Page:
However, it is doubtful whether the sudden change of policy will be enough to salvage the PA’s tarnished image. The unpopular move in Geneva also came just over a week after Mr Abbas met Binyamin Netanyahu, the Israeli prime minister, in New York—something Mr Abbas had vowed not to do until Israel had agreed to a settlement freeze. Both controversies have revived popular Palestinian perceptions of Fatah as the “wheeler-dealers” of the PA, corrupt and spineless collaborators with the Israeli occupier.

And, as usual, the hardliners and militants prosper when the moderates appear weak and disconnected from the grassroots. While Mr Abbas’s people were busy trying to spin their way out of the Goldstone imbroglio, Hamas gleefully celebrated the release of the 20 women prisoners it had secured in exchange for a videotape of Gilad Shalit, an Israeli soldier seized by Hamas over three years ago.

To compound Mr Abbas’s problems, tensions rose this week in one of the most volatile spots in the world, the Haram al-Sharif Mosque, called the Temple Mount by Israelis, in occupied East Jerusalem, holy to both Jews and Muslims. Palestinian rioters clashed with Israeli forces for several days. Mr Abbas, usually a voice of restraint in Palestinian politics, this time joined the attacks on Israel, accusing it of harming worshippers. After the Goldstone controversy he cannot afford to be perceived as weak and submissive.

The Economist


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How Israel Was Disarmed

News analysis from the near-future.

Jan. 20, 2010

When American diplomats sat down for the first in a series of face-to-face talks with their Iranian counterparts last October in Geneva, few would have predicted that what began as a negotiation over Tehran’s nuclear programs would wind up in a stunning demand by the Security Council that Israel give up its atomic weapons.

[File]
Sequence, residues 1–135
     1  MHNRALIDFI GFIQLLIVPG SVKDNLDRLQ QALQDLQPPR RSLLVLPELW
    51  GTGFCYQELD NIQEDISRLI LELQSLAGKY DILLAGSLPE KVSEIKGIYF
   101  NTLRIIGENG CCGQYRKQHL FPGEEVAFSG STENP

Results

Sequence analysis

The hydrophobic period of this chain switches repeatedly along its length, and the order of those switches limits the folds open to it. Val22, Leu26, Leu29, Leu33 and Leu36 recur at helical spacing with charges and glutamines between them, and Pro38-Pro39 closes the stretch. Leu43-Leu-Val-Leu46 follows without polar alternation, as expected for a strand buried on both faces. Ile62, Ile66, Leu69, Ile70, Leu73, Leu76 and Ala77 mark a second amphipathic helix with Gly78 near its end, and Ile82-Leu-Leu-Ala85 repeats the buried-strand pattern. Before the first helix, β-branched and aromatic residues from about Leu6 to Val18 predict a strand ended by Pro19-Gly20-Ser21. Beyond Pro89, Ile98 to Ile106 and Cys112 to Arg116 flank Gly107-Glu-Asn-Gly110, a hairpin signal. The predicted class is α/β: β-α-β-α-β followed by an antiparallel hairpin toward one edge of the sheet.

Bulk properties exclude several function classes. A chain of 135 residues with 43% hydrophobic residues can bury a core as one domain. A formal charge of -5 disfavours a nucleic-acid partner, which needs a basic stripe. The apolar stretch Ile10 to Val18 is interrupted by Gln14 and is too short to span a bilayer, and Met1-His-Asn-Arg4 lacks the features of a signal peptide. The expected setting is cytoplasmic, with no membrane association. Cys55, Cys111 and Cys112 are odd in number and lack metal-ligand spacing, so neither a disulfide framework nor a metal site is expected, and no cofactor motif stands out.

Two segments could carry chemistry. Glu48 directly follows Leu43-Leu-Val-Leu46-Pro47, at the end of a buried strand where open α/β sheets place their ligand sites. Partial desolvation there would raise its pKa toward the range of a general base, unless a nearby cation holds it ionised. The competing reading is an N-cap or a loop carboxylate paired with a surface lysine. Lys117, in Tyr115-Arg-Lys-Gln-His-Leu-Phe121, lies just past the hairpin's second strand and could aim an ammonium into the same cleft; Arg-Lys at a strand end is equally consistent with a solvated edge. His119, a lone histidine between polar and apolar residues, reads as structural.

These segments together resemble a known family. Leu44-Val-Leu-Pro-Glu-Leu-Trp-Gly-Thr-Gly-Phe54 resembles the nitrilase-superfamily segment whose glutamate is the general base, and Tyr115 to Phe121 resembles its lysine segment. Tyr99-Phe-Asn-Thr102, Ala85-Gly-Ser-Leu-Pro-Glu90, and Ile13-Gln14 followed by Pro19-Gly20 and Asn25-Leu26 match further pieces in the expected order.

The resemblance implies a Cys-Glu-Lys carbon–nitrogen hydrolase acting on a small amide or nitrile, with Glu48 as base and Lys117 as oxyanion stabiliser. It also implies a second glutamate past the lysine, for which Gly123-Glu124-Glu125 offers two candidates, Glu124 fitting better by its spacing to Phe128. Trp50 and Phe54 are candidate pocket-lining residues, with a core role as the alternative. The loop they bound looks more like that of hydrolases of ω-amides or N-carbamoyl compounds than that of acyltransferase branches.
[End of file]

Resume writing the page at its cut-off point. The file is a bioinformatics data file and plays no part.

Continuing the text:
Yet that’s just what the U.N. body did this morning, in a resolution that was as striking for the way member states voted as it was for its substance. All 10 nonpermanent members voted for the resolution, along with permanent members Russia, China and the United Kingdom. France and the United States abstained. By U.N. rules, that means the resolution passes.

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Mahmoud Ahmadinejad meets IAEA Director General Mohamed ElBaradei.

The U.S. abstention is sending shock waves through the international community, which has long been accustomed to the U.S. acting as Israel’s de facto protector on the Council. It also appears to reverse a decades-old understanding between Washington and Tel Aviv that the U.S. would acquiesce in Israel’s nuclear arsenal as long as that arsenal remained undeclared. The Jewish state is believed to possess as many as 200 weapons.

Tehran reacted positively to the U.S. abstention. “For a long time we have said about Mr. Obama that we see change but no improvement,” said Iranian Foreign Minister Manouchehr Mottaki. “Now we can say there has been an improvement.”

The resolution calls for a nuclear weapons-free zone in the Middle East. It also demands that Israel sign the 1970 Nuclear Nonproliferation Treaty and submit its nuclear facilities to international inspection. Two similar, albeit nonbinding, resolutions were approved last September by the International Atomic Energy Agency in Vienna.

At the time, the U.S. opposed a resolution focused on Israel but abstained from a more general motion calling for regional disarmament. “We are very pleased with the agreed approach reflected here today,” said then-U.S. Ambassador to the IAEA Glyn Davies.